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Best States to Buy a Car : The Ultimate Guide

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When you buy a used car, there’s more to it than just the sticker price. Prices and total costs of cars vary by state because of taxes, registration fees, dealer fees, and more. No matter how good you are at negotiating, prices vary greatly from one state to the next. Keep reading to know about the best states to buy a car.

best states to buy a car

Best state to buy a car for initial cost: Florida

Vehicles in Florida are approximately 10% less expensive than the national average. Despite slightly higher sales tax and registration fees than most other states, the overall savings help Florida rank as one of the best states to buy a car. The low initial costs in Florida are due to several factors. For starters, Florida has a fairly large elderly population. 20.5% of Florida’s population is over the age of 65. As they drive less, they begin to sell their cars, giving others more opportunities to find a great deal.
Wealthier residents of Florida frequently trade in their cars for more modern models. This also creates a market for affordable high-end automobiles. Plus, most cars in Florida are probably in excellent condition because they haven’t been constantly exposed to the wear and tear of snow or the salt used on roads in the winter.

Worst state for initial cost: California

Compared to Florida, California has many factors that make car buying a risky business. The general cost of living in California is quite high and has been steadily rising for many years. Furthermore, unemployment is a problem in the state, making financially disadvantaged people more common. As a result, many people are clinging to their vehicles.
People are more hesitant to sell their cars, so fewer are available on the market. Used cars will always be less expensive, but the benefits will be less noticeable with fewer used cars to choose from. Finding a suitable used car in California is frequently a matter of luck, as competition for them becomes increasingly fierce. It becomes quite expensive when you factor in the annual car insurance premium of around $2,100.

Best state to buy a car unexpected fees: Oregon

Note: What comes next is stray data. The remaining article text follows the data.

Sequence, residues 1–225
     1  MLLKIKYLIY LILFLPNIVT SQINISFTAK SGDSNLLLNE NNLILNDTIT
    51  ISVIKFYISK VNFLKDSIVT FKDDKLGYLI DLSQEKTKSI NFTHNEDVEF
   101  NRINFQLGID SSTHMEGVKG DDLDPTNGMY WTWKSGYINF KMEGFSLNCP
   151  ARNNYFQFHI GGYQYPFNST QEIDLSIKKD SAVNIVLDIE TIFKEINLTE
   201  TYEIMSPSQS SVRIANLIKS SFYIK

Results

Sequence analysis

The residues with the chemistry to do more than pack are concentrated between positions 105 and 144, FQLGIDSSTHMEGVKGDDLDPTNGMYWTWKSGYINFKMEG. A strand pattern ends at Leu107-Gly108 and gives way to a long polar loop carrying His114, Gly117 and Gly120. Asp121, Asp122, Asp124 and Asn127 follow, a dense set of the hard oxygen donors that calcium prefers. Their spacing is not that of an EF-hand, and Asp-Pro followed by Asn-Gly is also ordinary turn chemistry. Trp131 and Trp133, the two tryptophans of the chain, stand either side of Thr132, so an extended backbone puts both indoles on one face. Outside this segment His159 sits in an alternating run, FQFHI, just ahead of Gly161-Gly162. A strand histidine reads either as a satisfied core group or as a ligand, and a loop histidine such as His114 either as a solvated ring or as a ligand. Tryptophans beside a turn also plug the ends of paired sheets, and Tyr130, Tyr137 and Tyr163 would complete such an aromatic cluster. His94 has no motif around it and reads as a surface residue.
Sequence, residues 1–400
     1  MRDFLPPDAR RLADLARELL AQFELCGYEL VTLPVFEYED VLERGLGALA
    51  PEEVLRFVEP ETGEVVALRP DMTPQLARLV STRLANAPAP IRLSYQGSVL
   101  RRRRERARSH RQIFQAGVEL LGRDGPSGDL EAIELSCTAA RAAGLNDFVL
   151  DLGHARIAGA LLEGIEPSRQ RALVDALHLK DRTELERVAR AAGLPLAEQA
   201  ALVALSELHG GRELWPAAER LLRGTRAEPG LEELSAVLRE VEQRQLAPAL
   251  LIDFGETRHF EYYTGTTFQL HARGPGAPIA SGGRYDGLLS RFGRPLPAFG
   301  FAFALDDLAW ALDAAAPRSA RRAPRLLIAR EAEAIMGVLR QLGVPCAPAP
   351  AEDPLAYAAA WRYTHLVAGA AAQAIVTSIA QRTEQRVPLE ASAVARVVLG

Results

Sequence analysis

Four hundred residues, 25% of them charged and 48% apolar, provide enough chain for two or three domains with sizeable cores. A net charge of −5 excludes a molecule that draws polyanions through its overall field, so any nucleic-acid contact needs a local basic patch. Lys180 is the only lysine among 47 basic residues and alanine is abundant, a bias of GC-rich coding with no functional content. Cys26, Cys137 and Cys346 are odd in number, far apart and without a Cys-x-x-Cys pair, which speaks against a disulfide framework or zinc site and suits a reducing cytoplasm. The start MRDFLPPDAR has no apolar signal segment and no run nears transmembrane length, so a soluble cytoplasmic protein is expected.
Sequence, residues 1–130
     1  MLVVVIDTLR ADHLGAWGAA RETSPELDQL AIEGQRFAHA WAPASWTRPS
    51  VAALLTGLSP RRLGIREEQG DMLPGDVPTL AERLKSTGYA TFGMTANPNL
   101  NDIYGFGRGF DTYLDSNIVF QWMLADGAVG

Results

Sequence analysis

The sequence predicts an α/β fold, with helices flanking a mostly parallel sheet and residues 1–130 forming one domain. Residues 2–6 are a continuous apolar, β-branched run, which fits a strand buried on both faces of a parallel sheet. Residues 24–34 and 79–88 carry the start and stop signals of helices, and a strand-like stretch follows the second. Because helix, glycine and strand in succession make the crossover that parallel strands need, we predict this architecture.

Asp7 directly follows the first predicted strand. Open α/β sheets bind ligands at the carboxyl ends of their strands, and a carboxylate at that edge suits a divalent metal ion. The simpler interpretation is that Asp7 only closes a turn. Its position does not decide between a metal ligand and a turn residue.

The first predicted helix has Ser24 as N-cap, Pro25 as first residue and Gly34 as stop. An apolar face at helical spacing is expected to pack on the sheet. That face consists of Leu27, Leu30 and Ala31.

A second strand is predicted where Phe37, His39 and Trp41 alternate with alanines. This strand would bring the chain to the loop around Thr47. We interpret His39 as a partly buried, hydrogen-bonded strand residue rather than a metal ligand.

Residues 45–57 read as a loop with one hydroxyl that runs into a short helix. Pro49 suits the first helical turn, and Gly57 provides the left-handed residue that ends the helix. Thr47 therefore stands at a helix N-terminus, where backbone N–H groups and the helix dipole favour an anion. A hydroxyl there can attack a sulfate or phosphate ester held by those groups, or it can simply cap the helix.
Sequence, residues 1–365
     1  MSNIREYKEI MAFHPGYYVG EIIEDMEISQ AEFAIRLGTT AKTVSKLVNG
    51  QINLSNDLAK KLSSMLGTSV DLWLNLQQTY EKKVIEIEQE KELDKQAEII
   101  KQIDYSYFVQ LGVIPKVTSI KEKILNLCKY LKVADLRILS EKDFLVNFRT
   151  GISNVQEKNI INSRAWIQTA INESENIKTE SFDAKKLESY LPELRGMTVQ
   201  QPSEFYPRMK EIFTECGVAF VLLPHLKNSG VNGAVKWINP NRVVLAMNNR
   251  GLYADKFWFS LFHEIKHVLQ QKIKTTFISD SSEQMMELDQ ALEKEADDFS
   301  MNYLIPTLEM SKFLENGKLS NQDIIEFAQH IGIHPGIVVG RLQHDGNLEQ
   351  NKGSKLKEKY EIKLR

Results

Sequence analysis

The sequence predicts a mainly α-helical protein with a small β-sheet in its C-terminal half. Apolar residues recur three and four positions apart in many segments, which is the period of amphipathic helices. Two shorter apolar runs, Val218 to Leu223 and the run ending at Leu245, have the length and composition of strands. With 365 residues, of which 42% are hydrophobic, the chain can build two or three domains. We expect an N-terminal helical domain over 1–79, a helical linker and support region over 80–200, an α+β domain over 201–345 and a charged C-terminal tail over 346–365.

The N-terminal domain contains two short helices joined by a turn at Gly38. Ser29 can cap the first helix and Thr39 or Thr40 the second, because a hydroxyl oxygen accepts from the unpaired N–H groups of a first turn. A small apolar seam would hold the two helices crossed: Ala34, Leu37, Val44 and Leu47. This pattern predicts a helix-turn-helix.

If you’re looking to buy a car in Oregon, you’re in luck because the maximum processing fee is around $130 or less if the dealer does not use an integrator. Fees are also low in Alaska and New Hampshire, with fees of only a few hundred dollars. However, some states have hefty fees that can completely wipe out your budget.

Worst state for unexpected fees: Alabama

It is better to avoid Alabama if you don’t want to end up paying unexpected fees. When purchasing a new or used vehicle in this state, buyers pay an average of around $2,300 or more in total fees. Fortunately, Alabama has the lowest average gas price in the country. Arizona, Colorado, and Tennessee fees are also around the same range.

States without sales tax

A single-digit sales tax may seem less trouble, but when purchasing something worth thousands of dollars, such as a vehicle, sales tax can be a significant burden. Having no sales tax can help you save a lot of money on your car upfront. The state sales tax is only one part of the equation, though.

38 states have a local sales tax on top of their state tax. Each of these taxes is different depending on where they are. In some places, the local sales tax rates are related to the state tax in a way that doesn’t make the total sales tax go up or down. A state’s sales tax rate could be higher, but local sales taxes could be low, making the total tax rate more balanced and easier to deal with.

States with no sales tax: Alaska; Delaware; Montana; New Hampshire; Oregon.

States with the lowest average combined sales tax rates are Colorado (2.9%), Hawaii (4.44%); Wyoming (5.33%); Wisconsin (5.43%), and Maine (5.50%).

States with highest average combined sales tax rates are Tennessee (9.55%); Louisiana (9.52%); Arkansas (9.51%); Washington (9.23%) and Alabama (9.22%).